MEMORY TRAINI NG Being able to remember things is really important in networking. I speak from personal experience here as I realised a while back that I’m not good at recognising faces. It’s not quite the neurological condition called prosopagnosia, which makes it almost impossible, but I do often have to resort to ‘strategies’ in order to connect names and faces. I’ll tell you my strategy later on in this chapter but you might like to answer these three questions first: Do you think your memory has become a little worse over the years? Do you find there are some things you can remember easily, while you’re more likely to forget others? Do you already use any specific techniques for remembering things? There are lots of ways of improving your memory and I’ll cover a few of them here, but one of the most useful things you can do is to intend to remember. Simply putting that idea in your mind will make it more possible. And regarding information, rather than people, until you are confident that you will remember the information that you need, it’s probably best to make notes. Jotting down brief detail of things, as soon as you can, will help you retain information. So after meeting someone new, if they give you their business card you should write on it the place and date you met them, and any specific things that will jog your memory later – for example an interest they mentioned, or another group of which they’re a member. However, it’s not always possible, or appropriate, to take notes, so it’s useful to have some strategies for memorising and recalling information; here are a few useful ones. Repetiti o n It’s helpful to repeat information to yourself in your head as you hear it, or out loud if appropriate. To move information into your long term memory it helps to repeat it lots of times. Try a few times in immediate succession and then again a day later, and again a week later and again a month later. Until you’re confident in your memory, it’s best to make notes and jot down brief details of things as soon as you can. If you can’t write something down, here are a few more things that can help. As s ociat ion By associating one piece of information with another, you can make it easier to recall. I once had a neighbour, whose name I always remembered, but I tended to forget the names of her husband and daughter. The daughter's name was Vicki, and she had a turned-up nose. I recalled that, as a child, there was a product called Vick, an ointment that was put on your chest if you had a blocked-up nose, so you could breathe more easily. I thought that if you had Vick spread on your chest, your nose would probably turn up if it could. So I remembered the girl's name by seeing her nose and recalling the association with Vick ointment. The husband's name was, Andrew, so I thought, when I saw his wife: ‘It's her and who . .oh yes, Andrew ’. So I used a rhyme as the association there. I have now forgotten my neighbour's name, but still recall the name of her husband and daughter because I made a point of making those associations at the time. I saw his wife: ‘It's her and who . .oh yes, Andrew ’. So I used a rhyme as the association there. I have now forgotten my neighbour's name, but still recall the name of her husband and daughter because I made a point of making those associations at the time. To use this technique for remembering names, just find a physical feature of the person and associate it with something else. Make sure you only use a characteristic which persists through time; mouth or ear shapes are good, but hair colour or the shape of glasses aren’t because they can change over time. Humour By making a situation seem funny, it can be easier to remember. Suppose you’re speaking to someone and recall something you need to do on your way home perhaps pick up a bottle of milk. You could imagine a huge bottle of milk suspended over your car with the milk pouring out all over the windscreen. When you get back to your car you should remember the image and then be able to get the milk on your way back. Be as imaginative as you can with this; it really helps with recall. E xa ggera t ion Exaggeration is another aid to memory. Suppose you want to remember which platform your train departs from. Just imagine the platform number as if it were a firework display; see the number lit up with colourful flares, hear the sound of the fireworks as they fizz and pop. Really make the scene as bright, huge and exciting as you can. You should remember the platform number and may well take some of the excitement of the firework display onto the train with you as well. Telling s to r ies This technique is really useful for remembering lists, or sequences, of items. Here’s a list of a few things you might want to buy: Oranges Newspaper Some paint Milk Postage stamps And here’s a little story you could create to remember those things: There was an old tree that hadn’t borne fruit for many years. Nobody could remember the last time. But, one day, there it was bedecked with oranges hanging from every branch. However, when people looked closer, they found they weren’t real oranges, but just ones made of newspap er which had been painted to look like oranges. One orange was bigger than the others though – almost the size of a large melon, and, when people looked at that one, they saw it had a little pane of glass and you could look through it and, inside the orange, was a small bottle of milk. On the bottle was a label with an address and a huge postage stamp but how the milk got into the bottle nobody knew. The story contains all the items on the shopping list and, once you get into the habit of making up little stories like this, you’ll find that lists are easier to remember; the technique works really well. And you can use this kind of story to remember things to tell people at meetings if you don’t want to carry notes with you. Mnem onics In this case, you use the first letters of the items you want to remember to create a word, then use the word to help you remember the original list. For example, the word HORSE could remind you to buy: Honey Olives Rhubarb Sugar Eggs Or at a networking meeting, the word MOST could remind you of the points you want to make in a one-minute presentation: Me (tell people your name) Offer (tell people what you produce or supply) Special (tell people what’s different about the benefits you give) Try (tell people they can have a discount voucher today) I said I’d come back to my own strategy for remembering people, so here it is and it uses a kind of mnemonic too: I use the letters L,S,D ( which may have one or two associations for people of a certain age). L = Look (at the person), Listen (to their name) and Link (their name to something you know about) S = See (their face in your mind), Suss (them out for something – find something about them to associate with their name), Say (their name out loud) D = Do (it again if necessary – ie repeat the process until you are clear about their name) Extract from Ne tworking for Success by Carol Harris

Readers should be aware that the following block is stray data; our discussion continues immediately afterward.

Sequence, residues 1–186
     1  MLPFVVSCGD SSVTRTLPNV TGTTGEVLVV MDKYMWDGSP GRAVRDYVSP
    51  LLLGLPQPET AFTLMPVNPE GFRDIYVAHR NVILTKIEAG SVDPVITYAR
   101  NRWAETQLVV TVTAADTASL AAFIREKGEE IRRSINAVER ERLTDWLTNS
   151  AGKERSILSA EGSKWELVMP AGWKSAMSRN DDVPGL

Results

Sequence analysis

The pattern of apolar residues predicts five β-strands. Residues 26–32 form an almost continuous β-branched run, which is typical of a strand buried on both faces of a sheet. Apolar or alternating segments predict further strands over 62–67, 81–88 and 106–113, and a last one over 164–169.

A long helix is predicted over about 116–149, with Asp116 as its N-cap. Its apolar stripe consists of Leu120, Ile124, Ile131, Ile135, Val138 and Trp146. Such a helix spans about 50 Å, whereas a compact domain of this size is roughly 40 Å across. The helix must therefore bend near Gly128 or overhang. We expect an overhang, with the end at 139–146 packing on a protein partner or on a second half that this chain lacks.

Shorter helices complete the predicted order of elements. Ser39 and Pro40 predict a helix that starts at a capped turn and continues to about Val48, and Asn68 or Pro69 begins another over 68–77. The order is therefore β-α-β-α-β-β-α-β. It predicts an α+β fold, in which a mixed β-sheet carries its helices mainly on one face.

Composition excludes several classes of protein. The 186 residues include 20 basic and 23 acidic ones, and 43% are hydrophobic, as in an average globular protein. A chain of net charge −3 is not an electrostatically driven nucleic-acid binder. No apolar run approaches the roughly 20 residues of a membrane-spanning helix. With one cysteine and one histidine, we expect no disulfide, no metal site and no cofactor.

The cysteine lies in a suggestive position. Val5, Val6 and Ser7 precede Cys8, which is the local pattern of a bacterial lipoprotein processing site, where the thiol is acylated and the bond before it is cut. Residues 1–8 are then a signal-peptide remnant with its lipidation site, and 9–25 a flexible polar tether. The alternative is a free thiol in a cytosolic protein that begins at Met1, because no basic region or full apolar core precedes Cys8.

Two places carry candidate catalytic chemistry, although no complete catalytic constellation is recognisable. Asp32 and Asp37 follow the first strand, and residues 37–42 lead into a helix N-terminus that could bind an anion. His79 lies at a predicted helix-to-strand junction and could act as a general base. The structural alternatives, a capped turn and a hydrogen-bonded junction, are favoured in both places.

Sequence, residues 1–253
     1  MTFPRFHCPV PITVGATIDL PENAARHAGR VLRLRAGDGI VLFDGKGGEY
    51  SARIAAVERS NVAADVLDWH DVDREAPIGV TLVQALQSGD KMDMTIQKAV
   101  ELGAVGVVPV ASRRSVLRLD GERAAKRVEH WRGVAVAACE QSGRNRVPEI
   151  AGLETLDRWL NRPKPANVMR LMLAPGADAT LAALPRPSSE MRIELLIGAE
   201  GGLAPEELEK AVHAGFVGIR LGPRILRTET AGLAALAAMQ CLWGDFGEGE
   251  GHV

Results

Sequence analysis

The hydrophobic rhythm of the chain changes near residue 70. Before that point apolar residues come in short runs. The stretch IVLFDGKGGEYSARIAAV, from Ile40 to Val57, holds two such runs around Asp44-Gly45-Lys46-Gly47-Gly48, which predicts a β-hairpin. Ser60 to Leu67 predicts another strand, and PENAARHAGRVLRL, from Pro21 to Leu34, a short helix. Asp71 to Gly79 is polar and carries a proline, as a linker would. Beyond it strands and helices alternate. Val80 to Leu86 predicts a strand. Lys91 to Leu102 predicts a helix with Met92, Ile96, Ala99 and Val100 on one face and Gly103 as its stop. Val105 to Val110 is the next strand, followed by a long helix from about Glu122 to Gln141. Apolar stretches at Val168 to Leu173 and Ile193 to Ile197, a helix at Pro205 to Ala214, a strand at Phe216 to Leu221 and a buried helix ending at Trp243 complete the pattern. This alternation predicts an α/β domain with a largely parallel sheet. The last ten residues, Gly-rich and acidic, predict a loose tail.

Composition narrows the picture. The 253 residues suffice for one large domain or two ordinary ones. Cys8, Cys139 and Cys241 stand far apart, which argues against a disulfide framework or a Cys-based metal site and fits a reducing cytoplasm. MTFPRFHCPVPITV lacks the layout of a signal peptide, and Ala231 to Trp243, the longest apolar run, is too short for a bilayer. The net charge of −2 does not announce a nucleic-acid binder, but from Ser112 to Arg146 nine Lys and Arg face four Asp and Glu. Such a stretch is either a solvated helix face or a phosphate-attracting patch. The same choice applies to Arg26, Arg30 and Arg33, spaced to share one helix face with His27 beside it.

                